restricted ( BOND, 2003 ). At the same time, despite agency growth and extensive efforts to professionalise relief work, there was little commensurate increase in effectiveness ( Fiori et al ., 2016 ). Growing risk aversion and recourse to remote management, moreover, created problems of distancing and loss of familiarity ( Healy and Tiller, 2014 ). Distracted by debt-fuelled uncertainty, rather than an indignant citizenry, Western publics now present as so many disillusioned, ironic spectators ( Chouliaraki, 2013 ). Diplomatic influence has also

Journal of Humanitarian Affairs
Megan Daigle
Sarah Martin
, and
Henri Myrttinen

edn ). Vaux , T. ( 2001 ), The Selfish Altruist: Relief Work in Famine and War ( Abingdon : Taylor and Francis ). Weigand , F. and Andersson , R. ( 2019 ), ‘ Institutionalized Intervention: The “Bunker Politics” of

Journal of Humanitarian Affairs
Open Access (free)
Lewis Hine’s Photographs of Refugees for the American Red Cross, 1918–20
Sonya de Laat

with and value refugees as dignified humanitarian subjects. Hine and the ARC were doing this at a time in the war when the refugee figure was increasingly being disparaged within Europe. Not long after these photographs were created the armistice was signed, thus putting an end to ARC war relief work. The reconfiguration of the humanitarian landscape that followed armistice provided Hine with ample professional and artistic opportunity to further specify the refugee subject whose conditions would still take years to improve. Hine worked to continue to frame the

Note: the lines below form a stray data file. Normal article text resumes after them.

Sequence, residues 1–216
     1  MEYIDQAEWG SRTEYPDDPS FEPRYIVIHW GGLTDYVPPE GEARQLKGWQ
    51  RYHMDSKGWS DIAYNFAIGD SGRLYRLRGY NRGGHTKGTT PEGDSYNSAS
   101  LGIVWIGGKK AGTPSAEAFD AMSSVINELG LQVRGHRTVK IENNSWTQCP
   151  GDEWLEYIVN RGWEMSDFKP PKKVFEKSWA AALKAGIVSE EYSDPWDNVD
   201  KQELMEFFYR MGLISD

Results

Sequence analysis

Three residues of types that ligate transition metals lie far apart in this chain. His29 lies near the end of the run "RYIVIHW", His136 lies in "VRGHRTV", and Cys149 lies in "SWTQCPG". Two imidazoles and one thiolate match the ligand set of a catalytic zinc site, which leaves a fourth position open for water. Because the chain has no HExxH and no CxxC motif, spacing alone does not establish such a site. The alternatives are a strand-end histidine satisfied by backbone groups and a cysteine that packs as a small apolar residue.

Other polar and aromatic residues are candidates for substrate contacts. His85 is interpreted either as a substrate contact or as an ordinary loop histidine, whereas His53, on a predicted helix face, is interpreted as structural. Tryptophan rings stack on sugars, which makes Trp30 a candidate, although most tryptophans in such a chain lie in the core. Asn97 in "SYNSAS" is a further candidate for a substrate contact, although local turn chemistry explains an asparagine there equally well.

Journal of Humanitarian Affairs
Abstract only
Humanity and relief in war and peace
Rebecca Gill

’s political participation. 15 In retrospect, she also made a similar claim for her work in the South African War, something she had not pressed at the time. These examples of voluntary work at home and in the colonies provided a model of women’s active citizenship now that the vote had been secured. Indeed, as this book has repeatedly shown, relief work was a prominent arena for promoting national

in Calculating compassion
Mediation, relief work and political activism
Brian Heffernan